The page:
Sometimes when I'm walking around my house I find myself thinking for a moment something like, "hey, this is really nice, I'd like to live in a house like this" because on some level I still think of myself as a youngish person who has plans and ambitions. And then of course I laugh at myself to have been thinking such a silly thing.
I was wondering why, at an age when most people are having midlife crises, I'm still feeling young. I am certainly an organized, responsible person, who isn't spontaneous much, who has an exhaustive to-do list, and who makes sure things that must be done get done. Hardly the model of fun-loving and childlike. And yet hardly a day goes by where I'm not doing something that to most people in their mid-40s would be considered frivolous. I don't just play games, I still structure my life around games. Most of my Christmas wish list is stuff that a kid still in school might say "When I'm a grownup, I'll be able to buy that whenever I want" -- and I have made that true. I didn't just get a jigsaw puzzle for Christmas (a quite respectable and "old person"-compatible kind of fun), I also got some computer games, a children's science-exploration building kit, and a Hot Wheels racetrack.
An unblinking analysis of how I can be responsible yet childlike runs up against one fact: I don't have children. This is the kind of thing that's very dangerous to say: people who have children can get defensive about it quickly. But if you're brutally honest about it you can't help agreeing that, for most people of limited means, there's a choice between having children, and having a lot of other things, including the free time and money to spend on a lot of the silly and fun and childlike pursuits.
To head off some of the defensiveness, I want to say clearly that I certainly don't object to the decision of those who have children, nor do I diminish that their choice is, for them, fulfilling and important and wonderful and all that. I've heard all the statements about how it changes everything and makes everything else seem trivial by comparison. Maybe I'm the one who feels defensive: instead of having that experience that parents insist is transcendent and transformative, I'm playing with Legos and roleplaying games and a bicycle and Rock Band. Am I throwing away my life?
It's hard to defend my life without seeming like I'm attacking theirs, but I'm not. Sure, I didn't go have a child so I don't know if, having done so, I would be saying now "I'm so glad I did it because it's wonderful in ways I never imagined." But I don't think so. For me, I would have all the stereotypical bad parts of being a parent. I'd be stressed, frazzled, exhausted. I'd feel like I never had time or money to do anything fun. I'd be having that midlife crisis in spades, wondering where my life went and whether I'd ever get to do the fun things I want to do. I'd probably be the guy who comes home from work and is too drained to do anything, and who has so much to do around the house on the weekend that it's hardly any relief from work.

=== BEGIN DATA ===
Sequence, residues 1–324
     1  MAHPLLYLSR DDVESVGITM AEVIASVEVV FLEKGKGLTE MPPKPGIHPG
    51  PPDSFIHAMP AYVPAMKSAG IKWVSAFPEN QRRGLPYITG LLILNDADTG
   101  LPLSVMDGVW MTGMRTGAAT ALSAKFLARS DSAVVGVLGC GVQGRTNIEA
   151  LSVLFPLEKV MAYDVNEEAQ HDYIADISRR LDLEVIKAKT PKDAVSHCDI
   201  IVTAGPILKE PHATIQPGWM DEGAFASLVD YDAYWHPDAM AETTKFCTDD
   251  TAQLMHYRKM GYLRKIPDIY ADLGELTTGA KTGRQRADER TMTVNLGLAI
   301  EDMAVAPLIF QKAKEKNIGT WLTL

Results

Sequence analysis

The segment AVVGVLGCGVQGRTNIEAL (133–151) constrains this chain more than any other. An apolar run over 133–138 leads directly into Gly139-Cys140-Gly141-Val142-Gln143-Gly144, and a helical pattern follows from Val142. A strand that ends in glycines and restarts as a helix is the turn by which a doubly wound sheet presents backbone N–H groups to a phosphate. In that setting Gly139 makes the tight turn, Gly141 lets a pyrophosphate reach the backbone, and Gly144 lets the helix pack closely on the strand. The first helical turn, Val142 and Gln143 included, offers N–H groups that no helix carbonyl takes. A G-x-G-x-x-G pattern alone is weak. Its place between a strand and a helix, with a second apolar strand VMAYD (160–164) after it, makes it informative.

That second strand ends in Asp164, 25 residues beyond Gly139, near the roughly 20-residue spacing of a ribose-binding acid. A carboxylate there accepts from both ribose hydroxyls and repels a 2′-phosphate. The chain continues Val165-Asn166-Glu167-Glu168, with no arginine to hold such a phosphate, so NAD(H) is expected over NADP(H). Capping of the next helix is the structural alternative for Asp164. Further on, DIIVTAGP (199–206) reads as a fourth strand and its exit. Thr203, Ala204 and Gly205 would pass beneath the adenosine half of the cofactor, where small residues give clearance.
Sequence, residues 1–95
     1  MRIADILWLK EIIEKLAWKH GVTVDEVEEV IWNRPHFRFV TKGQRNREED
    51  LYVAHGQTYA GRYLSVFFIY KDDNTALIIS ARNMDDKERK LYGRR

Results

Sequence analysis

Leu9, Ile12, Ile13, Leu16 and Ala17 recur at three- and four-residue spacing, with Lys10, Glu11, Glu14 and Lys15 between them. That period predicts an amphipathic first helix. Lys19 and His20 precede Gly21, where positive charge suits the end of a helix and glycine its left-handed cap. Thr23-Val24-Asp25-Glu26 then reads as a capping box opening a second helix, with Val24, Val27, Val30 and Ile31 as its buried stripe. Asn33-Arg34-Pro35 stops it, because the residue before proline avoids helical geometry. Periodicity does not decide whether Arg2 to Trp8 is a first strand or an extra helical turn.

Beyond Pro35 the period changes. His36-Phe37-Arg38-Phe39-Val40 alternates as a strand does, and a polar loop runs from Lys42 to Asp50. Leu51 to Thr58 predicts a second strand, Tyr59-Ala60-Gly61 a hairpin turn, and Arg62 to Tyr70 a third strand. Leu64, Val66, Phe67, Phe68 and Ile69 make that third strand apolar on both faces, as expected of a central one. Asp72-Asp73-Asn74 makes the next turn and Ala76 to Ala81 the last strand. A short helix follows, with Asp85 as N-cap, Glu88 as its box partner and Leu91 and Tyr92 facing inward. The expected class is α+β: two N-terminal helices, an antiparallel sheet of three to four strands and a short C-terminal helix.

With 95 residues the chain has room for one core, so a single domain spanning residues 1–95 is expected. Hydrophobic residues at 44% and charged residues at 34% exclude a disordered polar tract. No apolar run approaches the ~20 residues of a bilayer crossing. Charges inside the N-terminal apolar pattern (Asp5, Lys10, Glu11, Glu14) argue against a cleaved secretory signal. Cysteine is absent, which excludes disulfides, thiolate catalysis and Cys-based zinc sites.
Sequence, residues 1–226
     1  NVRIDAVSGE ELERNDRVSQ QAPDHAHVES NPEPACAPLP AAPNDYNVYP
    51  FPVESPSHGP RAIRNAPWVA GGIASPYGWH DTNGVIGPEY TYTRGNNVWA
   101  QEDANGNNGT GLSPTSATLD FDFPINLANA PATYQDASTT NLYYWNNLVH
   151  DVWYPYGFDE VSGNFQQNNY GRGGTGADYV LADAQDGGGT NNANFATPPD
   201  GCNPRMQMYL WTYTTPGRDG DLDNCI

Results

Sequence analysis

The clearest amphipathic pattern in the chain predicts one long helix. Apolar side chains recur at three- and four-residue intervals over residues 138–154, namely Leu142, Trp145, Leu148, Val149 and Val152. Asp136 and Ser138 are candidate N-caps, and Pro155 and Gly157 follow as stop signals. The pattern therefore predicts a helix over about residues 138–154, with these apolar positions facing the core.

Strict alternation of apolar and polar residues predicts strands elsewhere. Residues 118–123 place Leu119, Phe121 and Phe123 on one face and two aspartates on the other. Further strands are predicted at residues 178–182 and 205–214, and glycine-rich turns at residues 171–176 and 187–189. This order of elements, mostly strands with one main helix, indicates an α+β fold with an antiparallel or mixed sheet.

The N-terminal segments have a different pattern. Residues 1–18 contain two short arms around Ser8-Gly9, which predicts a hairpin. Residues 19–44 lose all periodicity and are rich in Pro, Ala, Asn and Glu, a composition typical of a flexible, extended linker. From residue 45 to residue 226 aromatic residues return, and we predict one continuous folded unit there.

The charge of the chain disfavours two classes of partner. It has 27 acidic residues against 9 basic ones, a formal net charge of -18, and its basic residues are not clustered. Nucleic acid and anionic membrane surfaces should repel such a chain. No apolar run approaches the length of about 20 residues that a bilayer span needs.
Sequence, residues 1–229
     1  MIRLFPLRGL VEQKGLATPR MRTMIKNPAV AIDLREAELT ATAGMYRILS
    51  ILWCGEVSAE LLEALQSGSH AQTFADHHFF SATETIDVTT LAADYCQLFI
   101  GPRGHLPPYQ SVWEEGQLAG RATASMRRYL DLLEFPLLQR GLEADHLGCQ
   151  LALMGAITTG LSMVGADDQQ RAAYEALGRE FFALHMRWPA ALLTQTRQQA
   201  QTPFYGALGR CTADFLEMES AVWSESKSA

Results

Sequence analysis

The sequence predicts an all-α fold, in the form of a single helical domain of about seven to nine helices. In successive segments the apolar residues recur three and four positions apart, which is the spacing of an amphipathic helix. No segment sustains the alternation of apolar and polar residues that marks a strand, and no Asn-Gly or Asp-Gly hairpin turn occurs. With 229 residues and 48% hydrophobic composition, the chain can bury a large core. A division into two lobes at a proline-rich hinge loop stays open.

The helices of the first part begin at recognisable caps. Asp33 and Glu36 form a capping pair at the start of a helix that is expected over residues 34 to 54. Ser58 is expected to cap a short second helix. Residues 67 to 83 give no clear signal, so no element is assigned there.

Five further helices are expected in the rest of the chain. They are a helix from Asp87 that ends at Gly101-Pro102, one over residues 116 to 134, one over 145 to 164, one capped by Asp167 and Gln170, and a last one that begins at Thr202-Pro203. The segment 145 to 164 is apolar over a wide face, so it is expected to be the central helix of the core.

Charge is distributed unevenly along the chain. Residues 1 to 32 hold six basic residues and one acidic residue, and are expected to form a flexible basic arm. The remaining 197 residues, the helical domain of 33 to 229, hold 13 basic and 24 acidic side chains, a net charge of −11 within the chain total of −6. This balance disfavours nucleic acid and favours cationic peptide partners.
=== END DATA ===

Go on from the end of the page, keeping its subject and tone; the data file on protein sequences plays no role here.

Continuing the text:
Having chosen not to have children is why I have this house, it's why I can spend some of my time on things as silly and fun as Rock Band, and ultimately, it's a large part of why I like my life. Maybe kids would have been transformative, but I think it wouldn't be worth the risk.
So yes, I suppose I do feel defensive because I have no way to refute the "you would feel differently if you had them" argument -- and because that seems to most people more persuasive than the "and you would feel differently if you hadn't had them" counterargument does (because of an analogy, false I think, with the "how do you know you don't like broccoli if you haven't tried it?" argument).
Plus I think society still has lingering traces of the ethical argument that used to make sense centuries ago, when families and nations needed numbers to ensure their survival and strength. (I don't think there's any ethical argument that still holds water now about having children or not, but if there were, it'd be on my side: not having children is probably better for the world than having children right now. Of course, that's countered by the idea that adopting children is certainly better for the world than not adopting children, but you can chase the tail of that argument forever and end up back where you started.)
All told, I'm not trying to convince anyone to adopt my life, but I'm glad that I chose it all the same. I'm not in the slightest bit embarassed about the idea that I play with Legos. I think of the stress-cracked midlife-crisis guy in a tie who passes out on the sofa every night, and I think, maybe playing with Legos is at least as healthy. For me, certainly healthier. So I'm proud to still be childlike. It works for me.